This is the first thorough historical account of Chief Seattle and his timesthe story of a half-century of tremendous flux, turmoil, and violence, during which a native American war leader became an advocate for peace and strove to create a successful hybrid racial community.
When the British, Spanish, and then Americans arrived in the Pacific Northwest, it may have appeared to them as an untamed wilderness. In fact, it was a fully settled and populated land. Chief Seattle was a powerful representative from this very ancient world. Historian David Buerge has been researching and writing this book about the world of Chief Seattle for the past 20 years. Buerge has threaded together disparate accounts of the time from the 1780s to the 1860sincluding native oral histories, Hudson Bay Company records, pioneer diaries, French Catholic church records, and historic newspaper reporting. Chief Seattle had gained power and prominence on Puget Sound as a war leader, but the arrival of American settlers caused him to reconsider his actions. He came to embrace white settlement and, following traditional native practice, encouraged intermarriage between native people and the settlers, offering his own daughter and granddaughters as brides, in the hopes that both peoples would prosper. Included in this account are the treaty signings that would remove the natives from their historic lands, the roles of such figures as Governor Isaac Stevens, Chiefs Leschi and Patkanim, the Battle at Seattle that threatened the existence of the settlement, and the controversial Chief Seattle speech that haunts to this day the city that bears his name.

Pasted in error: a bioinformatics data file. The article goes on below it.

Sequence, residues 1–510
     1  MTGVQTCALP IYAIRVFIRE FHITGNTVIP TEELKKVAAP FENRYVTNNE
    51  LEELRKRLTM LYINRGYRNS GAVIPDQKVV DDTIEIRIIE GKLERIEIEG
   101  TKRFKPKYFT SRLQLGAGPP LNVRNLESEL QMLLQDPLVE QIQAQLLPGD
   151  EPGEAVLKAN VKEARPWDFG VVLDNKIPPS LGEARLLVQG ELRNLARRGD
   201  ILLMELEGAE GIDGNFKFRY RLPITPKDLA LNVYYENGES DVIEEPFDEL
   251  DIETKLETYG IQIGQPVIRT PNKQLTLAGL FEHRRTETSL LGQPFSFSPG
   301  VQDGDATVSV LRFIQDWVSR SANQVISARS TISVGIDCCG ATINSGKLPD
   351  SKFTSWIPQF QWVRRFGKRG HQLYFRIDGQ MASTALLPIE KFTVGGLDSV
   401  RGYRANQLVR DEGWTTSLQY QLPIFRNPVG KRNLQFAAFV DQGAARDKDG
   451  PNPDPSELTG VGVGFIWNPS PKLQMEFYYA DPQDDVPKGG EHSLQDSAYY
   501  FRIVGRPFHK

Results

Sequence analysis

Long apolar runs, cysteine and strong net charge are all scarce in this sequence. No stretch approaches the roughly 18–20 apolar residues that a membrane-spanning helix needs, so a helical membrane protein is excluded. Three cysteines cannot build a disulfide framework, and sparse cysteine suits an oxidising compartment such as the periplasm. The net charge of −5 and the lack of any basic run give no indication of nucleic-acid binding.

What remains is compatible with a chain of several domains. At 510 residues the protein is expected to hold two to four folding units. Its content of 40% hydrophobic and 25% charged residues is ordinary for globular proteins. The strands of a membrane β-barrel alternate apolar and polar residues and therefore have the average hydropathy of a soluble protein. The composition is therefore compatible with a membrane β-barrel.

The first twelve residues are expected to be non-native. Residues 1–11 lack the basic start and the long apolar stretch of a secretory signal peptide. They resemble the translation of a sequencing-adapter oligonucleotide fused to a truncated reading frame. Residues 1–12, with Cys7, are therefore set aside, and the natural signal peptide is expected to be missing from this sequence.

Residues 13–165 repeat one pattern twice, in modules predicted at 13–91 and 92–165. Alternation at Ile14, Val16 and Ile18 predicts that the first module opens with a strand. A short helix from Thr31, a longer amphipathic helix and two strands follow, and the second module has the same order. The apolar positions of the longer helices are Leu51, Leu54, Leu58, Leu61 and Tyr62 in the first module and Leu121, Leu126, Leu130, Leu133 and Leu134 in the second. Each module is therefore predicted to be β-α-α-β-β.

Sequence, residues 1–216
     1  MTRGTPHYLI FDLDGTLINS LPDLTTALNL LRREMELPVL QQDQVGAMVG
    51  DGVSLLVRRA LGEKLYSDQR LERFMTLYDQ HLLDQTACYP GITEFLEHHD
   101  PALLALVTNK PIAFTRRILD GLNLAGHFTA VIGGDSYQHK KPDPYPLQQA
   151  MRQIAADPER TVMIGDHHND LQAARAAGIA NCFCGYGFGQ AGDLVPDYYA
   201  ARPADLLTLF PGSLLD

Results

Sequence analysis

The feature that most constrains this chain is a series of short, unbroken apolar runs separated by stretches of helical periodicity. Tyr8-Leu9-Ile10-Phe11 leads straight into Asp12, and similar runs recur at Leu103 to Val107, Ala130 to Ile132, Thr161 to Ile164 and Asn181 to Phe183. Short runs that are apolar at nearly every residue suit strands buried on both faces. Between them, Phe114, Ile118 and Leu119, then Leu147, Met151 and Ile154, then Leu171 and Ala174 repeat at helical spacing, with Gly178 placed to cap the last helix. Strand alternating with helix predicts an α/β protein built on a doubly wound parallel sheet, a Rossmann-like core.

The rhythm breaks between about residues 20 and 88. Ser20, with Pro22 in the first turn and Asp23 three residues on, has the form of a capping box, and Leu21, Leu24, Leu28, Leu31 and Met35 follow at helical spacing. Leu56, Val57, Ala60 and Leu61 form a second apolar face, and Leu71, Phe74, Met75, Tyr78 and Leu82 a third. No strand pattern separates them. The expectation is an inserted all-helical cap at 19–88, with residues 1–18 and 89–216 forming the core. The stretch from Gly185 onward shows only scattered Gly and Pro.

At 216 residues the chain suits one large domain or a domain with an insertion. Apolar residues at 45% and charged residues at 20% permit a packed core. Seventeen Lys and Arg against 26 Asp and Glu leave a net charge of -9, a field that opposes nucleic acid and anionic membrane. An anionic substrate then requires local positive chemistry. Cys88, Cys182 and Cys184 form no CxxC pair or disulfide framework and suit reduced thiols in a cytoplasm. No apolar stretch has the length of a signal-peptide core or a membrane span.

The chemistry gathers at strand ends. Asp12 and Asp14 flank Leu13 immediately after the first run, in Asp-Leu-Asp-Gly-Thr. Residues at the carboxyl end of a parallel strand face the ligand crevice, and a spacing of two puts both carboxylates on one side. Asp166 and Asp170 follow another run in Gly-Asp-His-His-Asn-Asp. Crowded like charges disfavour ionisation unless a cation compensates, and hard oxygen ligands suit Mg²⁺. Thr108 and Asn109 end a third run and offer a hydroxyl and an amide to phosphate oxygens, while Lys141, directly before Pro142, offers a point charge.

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About the Author
DAVID M. BUERGE has been a teacher, historian, and writer. He is an alum of the University of Washington and the Peace Corps. While teaching in the 1970s, he began researching and writing about northwestern prehistory and began writing for local, regional, and national publications. He also became acquainted with the Duwamish tribe and became a student of their history. Buerge has published fourteen books of history and biography.
Table of Contents
Inland Seas and Rivers vi
Puget's Sound x
Suquamish and Seattle xii
Duwamish and Seattle xiv
Duwamish Watershed, Ancient and Modern xvi
Chapter 1 Prehistory to 1792: "There was a time when our people covered the whole land." 1
Chapter 2 To 1832: "Why should I murmur at the fate of my people?" 27
Chapter 3 To 1847: "Tour God seems to us to be partial." 52
Chapter 4 To 1852: "lam glad to have you come to our country." 79
Chapter 5 To 1854: "How then can we become brothers?" 107
Chapter 6 To 1856: "The Great Chief above who made the country made it for all." 133
Chapter 7 To 1858: "I want you to understand what I say." 161
Chapter 8 To 1866: "Shake hands with me before I am laid in the ground." 188
Chapter 9 To 1887: "Dead, did I say?" 215
Chapter 10 To the Present: "The dead are not altogether powerless." 244
A Note on the Spelling of Native Words 274
Appendix of Native Names and Words 275
Image Credits 317